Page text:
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Tension and Friction

  1. Oct 10, 2005 #1
    I have a question where a horizontal rope pulls on a 10kg wood sled over a frictionless surface. On that sled is a wood box. It is asking what the largest tension force in the rope would be where the box doesn't slip off.

    Air resistance/Drag is neglected. Wouldn't the box remain on the sled indefinetely as long as it didn't accelerate to fast? If not then I would use the coefficient of static friction right?
  2. jcsd
  3. Oct 10, 2005 #2

    Andrew Mason

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    You would need to know the coefficient of static friction between the box and sled to find the maximum static friction force. That is the maximum force that the sled can apply to the box. If the tension exceeds that force, the box will slide off.

  4. Oct 10, 2005 #3
    Andrew is right, you need the frictional force between the sled and the box.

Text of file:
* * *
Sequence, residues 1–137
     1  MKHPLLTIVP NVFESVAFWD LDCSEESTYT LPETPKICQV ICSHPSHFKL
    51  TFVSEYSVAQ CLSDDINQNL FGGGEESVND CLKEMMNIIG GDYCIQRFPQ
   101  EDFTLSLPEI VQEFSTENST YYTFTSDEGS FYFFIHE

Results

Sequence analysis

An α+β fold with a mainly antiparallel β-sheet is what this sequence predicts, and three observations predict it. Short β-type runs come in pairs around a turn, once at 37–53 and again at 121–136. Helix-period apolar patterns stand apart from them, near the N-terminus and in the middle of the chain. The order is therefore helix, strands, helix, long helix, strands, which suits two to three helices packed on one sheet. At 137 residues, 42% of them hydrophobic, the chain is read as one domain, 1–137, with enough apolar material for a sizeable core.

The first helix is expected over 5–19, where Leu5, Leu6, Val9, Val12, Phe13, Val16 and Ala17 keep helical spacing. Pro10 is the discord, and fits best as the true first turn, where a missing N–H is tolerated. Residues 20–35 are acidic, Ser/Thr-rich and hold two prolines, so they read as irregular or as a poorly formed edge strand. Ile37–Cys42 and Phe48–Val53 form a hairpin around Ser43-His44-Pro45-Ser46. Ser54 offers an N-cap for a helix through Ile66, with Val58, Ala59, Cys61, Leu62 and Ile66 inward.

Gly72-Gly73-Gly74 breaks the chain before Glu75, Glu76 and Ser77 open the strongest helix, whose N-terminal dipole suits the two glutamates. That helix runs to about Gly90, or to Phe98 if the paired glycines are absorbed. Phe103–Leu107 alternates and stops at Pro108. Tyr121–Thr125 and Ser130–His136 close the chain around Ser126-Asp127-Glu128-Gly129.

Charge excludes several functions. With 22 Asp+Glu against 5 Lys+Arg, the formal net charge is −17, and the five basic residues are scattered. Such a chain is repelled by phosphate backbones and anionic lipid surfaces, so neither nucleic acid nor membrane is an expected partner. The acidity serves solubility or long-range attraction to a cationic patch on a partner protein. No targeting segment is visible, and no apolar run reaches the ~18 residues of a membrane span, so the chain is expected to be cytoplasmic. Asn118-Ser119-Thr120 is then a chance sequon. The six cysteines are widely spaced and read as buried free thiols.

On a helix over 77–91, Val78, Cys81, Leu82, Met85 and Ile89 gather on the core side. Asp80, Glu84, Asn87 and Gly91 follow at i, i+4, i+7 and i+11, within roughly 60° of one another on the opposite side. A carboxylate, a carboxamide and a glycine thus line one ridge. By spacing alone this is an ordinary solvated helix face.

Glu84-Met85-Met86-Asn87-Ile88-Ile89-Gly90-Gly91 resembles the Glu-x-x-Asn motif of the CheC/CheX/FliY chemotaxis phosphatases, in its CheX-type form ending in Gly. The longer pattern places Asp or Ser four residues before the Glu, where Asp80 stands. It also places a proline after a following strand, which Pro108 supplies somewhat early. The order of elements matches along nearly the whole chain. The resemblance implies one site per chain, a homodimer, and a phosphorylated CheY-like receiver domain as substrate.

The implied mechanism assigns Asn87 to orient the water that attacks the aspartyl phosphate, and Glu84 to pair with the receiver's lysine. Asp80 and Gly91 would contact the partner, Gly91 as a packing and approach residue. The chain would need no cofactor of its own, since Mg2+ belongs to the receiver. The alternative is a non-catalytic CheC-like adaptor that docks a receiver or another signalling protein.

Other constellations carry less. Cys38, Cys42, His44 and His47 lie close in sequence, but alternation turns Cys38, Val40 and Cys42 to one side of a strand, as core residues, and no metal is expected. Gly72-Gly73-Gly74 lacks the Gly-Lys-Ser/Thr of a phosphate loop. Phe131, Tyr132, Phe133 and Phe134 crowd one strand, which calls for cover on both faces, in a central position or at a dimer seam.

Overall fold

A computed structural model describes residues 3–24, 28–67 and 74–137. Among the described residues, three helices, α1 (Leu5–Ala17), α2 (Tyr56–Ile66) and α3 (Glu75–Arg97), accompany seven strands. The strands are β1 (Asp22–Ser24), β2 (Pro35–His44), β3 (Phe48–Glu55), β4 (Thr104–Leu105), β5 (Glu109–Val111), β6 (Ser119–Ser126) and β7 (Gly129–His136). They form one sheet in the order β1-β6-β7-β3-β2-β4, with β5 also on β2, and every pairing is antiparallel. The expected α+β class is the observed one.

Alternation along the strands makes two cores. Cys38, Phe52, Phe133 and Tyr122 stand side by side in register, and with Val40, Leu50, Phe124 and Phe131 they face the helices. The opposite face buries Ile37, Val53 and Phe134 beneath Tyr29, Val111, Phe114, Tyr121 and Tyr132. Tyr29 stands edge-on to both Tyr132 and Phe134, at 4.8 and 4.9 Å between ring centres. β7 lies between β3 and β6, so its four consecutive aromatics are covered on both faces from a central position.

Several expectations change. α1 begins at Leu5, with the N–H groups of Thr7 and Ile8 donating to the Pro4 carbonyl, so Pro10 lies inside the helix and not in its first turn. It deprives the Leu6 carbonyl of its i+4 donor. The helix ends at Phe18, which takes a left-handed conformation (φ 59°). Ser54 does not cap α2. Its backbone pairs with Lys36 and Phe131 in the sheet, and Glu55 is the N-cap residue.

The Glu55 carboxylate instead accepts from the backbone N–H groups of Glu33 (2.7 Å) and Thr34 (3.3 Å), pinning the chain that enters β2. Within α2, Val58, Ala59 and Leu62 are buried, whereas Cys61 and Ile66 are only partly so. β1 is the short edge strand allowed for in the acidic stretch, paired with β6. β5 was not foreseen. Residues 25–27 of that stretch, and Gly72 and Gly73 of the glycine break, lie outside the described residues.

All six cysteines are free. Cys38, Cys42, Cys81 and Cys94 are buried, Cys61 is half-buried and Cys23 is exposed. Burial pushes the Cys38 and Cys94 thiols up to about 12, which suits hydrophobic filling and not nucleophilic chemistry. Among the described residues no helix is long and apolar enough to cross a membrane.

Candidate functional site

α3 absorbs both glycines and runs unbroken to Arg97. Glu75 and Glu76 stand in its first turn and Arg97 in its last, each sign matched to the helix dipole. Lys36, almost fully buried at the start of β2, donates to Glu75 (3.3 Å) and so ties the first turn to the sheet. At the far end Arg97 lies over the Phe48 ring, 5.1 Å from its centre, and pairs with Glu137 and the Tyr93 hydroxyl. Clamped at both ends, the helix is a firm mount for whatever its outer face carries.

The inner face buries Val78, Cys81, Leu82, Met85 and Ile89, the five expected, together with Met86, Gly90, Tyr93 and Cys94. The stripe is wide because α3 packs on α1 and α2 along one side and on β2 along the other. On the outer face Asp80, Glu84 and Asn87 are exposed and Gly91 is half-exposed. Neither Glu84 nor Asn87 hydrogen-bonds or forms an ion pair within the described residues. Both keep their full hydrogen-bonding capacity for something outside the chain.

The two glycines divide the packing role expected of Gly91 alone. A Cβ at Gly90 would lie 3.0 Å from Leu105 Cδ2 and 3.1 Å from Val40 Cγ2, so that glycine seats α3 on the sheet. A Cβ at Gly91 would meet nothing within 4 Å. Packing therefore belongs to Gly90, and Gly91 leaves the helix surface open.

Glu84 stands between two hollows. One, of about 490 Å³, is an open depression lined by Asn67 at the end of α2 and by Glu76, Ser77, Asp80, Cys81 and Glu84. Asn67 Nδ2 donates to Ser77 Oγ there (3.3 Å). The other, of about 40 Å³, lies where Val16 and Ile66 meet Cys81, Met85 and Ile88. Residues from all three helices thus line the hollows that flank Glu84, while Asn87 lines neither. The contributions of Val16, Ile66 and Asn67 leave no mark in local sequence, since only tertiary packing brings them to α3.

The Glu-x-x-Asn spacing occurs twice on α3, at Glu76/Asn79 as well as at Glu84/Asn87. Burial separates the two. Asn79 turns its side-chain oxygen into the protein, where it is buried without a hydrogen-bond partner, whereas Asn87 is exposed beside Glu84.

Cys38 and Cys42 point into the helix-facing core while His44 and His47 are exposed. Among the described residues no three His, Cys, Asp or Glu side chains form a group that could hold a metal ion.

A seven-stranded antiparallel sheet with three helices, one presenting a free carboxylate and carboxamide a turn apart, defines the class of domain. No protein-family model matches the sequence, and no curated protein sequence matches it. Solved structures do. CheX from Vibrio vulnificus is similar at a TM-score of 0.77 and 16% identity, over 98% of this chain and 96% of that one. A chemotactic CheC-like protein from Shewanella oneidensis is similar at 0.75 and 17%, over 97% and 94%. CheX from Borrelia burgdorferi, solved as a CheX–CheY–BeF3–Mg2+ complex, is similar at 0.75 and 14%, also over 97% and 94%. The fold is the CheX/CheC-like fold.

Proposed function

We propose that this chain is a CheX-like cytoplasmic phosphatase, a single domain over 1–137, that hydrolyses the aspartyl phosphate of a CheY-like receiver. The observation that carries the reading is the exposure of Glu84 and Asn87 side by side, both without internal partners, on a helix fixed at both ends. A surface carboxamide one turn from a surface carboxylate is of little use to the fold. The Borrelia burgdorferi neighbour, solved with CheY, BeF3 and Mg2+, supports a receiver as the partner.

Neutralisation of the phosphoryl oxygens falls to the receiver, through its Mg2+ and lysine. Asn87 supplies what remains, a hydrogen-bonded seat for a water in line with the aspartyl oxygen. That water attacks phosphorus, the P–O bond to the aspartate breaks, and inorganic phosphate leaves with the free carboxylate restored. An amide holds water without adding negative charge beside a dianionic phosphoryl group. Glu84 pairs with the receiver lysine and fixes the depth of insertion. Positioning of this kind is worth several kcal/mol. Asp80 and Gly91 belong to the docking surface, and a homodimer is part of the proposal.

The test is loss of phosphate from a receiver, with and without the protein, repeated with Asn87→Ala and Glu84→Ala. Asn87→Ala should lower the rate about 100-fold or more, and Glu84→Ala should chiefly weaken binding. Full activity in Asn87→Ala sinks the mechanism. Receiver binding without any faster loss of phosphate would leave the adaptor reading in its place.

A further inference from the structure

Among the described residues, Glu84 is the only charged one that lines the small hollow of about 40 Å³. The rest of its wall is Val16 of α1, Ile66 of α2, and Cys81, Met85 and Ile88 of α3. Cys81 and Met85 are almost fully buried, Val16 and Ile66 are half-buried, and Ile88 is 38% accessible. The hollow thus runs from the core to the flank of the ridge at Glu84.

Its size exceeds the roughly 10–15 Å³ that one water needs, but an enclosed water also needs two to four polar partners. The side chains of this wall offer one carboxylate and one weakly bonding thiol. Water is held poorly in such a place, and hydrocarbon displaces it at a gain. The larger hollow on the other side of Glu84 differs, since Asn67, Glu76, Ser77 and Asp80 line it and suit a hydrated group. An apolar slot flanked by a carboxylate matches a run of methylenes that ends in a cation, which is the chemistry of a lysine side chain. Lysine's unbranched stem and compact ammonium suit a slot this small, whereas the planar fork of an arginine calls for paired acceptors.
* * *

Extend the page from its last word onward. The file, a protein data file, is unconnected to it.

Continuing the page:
for the box:
    [tex]F_f=m_{box} a[/tex]

    and for the sled
    [tex]F-F_f=m_{sled} a[/tex]

    As we can see, we have 3 unknows and only 2 eqs. So you must provide some information about the friction at the contact surface.
  5. Oct 10, 2005 #4
    I got 14.72N with a coefficient of static friction of 0.3. So is the Ff equal to the force of Tension because the sled is on a frictionless surface?

    So then Tension equals 14.72N?
  6. Oct 10, 2005 #5
    For force of friction for the box I used [tex]F_f=mN[/tex]

    I don't know how to get mew so it is just an m.
  7. Oct 10, 2005 #6
    The tension you need is [tex]F[/tex] (in my eqs). [tex]F_f[/tex] (the frictional force) and [tex]F[/tex] (the tension in the rope) are different.

    You have to find F from the eq. below:
    and you'll obtain the tension in the rope.
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